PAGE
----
4 weeks ago

Independent poll: Tuberville leading Jones by double digits, Trump bludgeoning Biden by 20 points

Auburn University at Montgomery’s (AUM) Department of Political Science and Public Administration on Monday released a poll showing Republican U.S. Senate nominee Tommy Tuberville leading incumbent U.S. Senator Doug Jones (D-AL) by 12 percentage points with only four weeks to go until the November 3 general election.

The AUM poll was conducted between September 30 and October 3, surveying 1,072 registered Alabama voters. The margin of error was ±4%. Respondents were recruited through an online platform, and responses were then reportedly weighted according to state demographics such as age, education, income, race and gender.

The results said that about 54% of Alabamians intend to vote for Tuberville, while 42% plan to vote for Jones. Approximately 4% of respondents were inclined to write in another candidate’s name.

“Poll results show that Tuberville enjoys his widest levels of support among voters who are white, older, have less education, and belong to an evangelical congregation,” stated David Hughes, assistant professor of political science and director of AUM Poll. “These trends typify voting today.”

“Modern Republican politics continues to emphasize much of the culture war issues like same-sex marriage, law and order, and illegal immigration that dominated American politics over the past 20-30 years,” he continued.

Given the current electorate, Hughes advised that “Democrats like Doug Jones will continue to struggle in places like Alabama.”

Despite Jones’ losing numbers, Hughes added that Alabama’s junior senator appears to be outperforming Democratic presidential nominee Joe Biden by approximately five percentage points. According to the AUM Poll results, about 57% of respondents intend to vote for Trump, with 37% planning to vote for Biden.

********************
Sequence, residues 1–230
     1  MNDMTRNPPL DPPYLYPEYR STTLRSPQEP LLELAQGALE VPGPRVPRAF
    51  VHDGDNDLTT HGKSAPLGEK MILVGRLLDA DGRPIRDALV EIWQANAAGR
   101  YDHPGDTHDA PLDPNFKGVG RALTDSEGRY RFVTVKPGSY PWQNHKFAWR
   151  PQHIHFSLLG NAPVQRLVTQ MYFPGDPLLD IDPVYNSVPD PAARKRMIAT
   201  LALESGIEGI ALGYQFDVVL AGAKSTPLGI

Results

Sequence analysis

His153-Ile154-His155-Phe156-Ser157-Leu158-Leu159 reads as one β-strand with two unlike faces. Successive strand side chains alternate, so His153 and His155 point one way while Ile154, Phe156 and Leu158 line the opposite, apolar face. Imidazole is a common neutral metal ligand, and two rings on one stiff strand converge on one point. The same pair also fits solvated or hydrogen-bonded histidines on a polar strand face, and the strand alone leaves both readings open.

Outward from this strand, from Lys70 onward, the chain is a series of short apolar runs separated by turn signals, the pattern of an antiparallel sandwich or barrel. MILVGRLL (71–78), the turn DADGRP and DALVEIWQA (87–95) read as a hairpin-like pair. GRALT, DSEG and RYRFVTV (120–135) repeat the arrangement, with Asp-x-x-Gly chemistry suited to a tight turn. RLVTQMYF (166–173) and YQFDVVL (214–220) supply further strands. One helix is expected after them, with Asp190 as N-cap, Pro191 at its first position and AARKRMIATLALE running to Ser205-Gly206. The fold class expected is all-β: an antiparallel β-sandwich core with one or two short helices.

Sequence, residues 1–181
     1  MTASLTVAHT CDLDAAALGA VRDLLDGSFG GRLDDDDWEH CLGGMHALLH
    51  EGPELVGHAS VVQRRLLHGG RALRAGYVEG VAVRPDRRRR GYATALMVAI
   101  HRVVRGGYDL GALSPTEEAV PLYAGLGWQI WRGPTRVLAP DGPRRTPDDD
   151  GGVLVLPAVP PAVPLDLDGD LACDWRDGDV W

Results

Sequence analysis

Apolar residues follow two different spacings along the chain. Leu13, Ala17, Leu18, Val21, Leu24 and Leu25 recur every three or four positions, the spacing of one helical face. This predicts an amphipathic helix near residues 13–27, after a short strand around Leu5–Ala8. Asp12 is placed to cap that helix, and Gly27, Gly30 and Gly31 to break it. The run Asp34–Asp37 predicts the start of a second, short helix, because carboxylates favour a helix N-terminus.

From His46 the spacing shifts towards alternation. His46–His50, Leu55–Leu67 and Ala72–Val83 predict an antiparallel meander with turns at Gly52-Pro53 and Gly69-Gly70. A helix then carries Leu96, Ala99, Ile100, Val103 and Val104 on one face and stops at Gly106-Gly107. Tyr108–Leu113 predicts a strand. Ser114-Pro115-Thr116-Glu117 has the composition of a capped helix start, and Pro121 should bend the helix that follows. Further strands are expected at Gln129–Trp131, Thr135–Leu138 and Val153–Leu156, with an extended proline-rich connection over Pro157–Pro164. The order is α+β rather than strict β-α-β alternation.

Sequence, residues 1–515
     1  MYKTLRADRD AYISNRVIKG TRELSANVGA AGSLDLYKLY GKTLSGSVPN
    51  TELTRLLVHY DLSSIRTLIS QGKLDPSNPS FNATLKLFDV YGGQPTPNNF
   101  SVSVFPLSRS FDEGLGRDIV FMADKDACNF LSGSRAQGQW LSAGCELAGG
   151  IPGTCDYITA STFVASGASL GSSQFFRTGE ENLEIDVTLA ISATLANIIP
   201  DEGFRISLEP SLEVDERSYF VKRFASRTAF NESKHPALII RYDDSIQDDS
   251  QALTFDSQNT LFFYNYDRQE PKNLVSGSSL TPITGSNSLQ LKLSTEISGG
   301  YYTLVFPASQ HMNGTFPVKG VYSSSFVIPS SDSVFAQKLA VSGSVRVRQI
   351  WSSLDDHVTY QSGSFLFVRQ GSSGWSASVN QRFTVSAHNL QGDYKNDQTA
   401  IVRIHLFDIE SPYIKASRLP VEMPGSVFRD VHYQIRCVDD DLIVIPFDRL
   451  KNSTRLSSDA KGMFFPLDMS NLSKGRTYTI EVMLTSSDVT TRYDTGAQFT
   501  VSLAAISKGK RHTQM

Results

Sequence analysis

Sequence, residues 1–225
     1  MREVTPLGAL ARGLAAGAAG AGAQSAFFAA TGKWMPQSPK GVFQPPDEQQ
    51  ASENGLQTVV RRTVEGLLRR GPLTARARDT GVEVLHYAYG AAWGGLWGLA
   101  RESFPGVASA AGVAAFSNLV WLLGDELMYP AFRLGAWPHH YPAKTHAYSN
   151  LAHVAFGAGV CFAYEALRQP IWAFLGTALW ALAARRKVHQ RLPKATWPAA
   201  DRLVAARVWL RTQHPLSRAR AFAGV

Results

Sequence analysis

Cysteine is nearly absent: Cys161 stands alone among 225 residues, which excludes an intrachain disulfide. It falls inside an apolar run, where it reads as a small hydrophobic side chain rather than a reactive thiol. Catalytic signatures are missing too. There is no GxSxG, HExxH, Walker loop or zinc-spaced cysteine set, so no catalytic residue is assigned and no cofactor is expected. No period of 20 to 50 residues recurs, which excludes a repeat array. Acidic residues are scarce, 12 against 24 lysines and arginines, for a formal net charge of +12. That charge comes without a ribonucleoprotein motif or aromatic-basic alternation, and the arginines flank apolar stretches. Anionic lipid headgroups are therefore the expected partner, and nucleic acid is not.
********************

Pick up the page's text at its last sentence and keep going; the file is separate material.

It should be noted that polls (such as this one) that only survey registered voters rather than likely voters tend to overstate Democratic support. It is likely Tuberville and Trump are doing better in Alabama than these AUM Poll numbers state.

A recent Morning Consult poll of likely voters found that Tuberville was leading Jones by 18 percentage points.

Sean Ross is the editor of Yellowhammer News. You can follow him on Twitter @sean_yhn

2 mins ago

Doug Jones attacks longtime Alabama law enforcement officer as ‘fool’

U.S. Senator Doug Jones (D-AL) on Friday lashed out at one of Alabama’s most respected, longtime law enforcement officials.

In a tweet, Jones shared a television ad that Republican U.S. Senatorial nominee Tommy Tuberville’s campaign is running.

That ad features Supernumerary Sheriff Mike Hale, who served as Jefferson County’s sheriff for five terms.

In the spot, Hale begins, “The lawless, violent mob wants to defund our police and erase our proud American history.”


“Liberal Doug Jones is standing with them, not us,” he continues. “Jones spoke at a liberal rally in Alabama that turned into a riot where a monument was destroyed and buildings were damaged. Doug Jones is undermining law enforcement and coddling dangerous criminals and putting Alabama families at risk.”

Hale, a Republican, was defeated in 2018 in the solidly blue Jefferson County; however, the close race (51.4% to Hale’s 48.54%) underscored Hale’s continued bipartisan credentials and popularity in Alabama’s most populated metropolitan area.

He entered into the world of law enforcement as a Homewood Police Department officer in 1973, embarking on a 45-year career protecting and serving Alabamians of all stripes.

Hale went on to receive national, non-partisan recognition for his tenure as sheriff on several occasions.

Among a litany of achievements, he successfully fought to strengthen Alabama law, making it a felony when convicted sex offenders violate the state registry laws. This change made the Yellowhammer State’s law the strongest in the country in relation to convicted sex offenders.

Next, Hale created an Identity Theft Unit and Computer Forensics Unit, both of which were the first of their kind in the region.

In 1999, he also created the sheriff’s office groundbreaking School Resource Division for county schools to fight domestic terrorism. This was pre-Columbine and that division has since been lauded as a national model for law enforcement agencies.

Under Hale’s leadership, the department was also effectively released from a consent decree that dated back to 1982, well before he became sheriff, regarding the hiring and promotion of African-Americans and females. In doing so, a federal judge emphasized that under Hale, the Jefferson County Sheriff’s Office’s hiring and promotional practices had been fair and that they did not discriminate against African-Americans or females. The judge complimented Hale on his commitment to diversity and compliance with federal law. These plaudits are reflected in the objective numbers: nearly 30% of the county’s deputy sheriffs were African-American, and nearly 20% of the deputy sheriffs were female, both as of 2018. Additionally, more than one-third of the officers were African-American.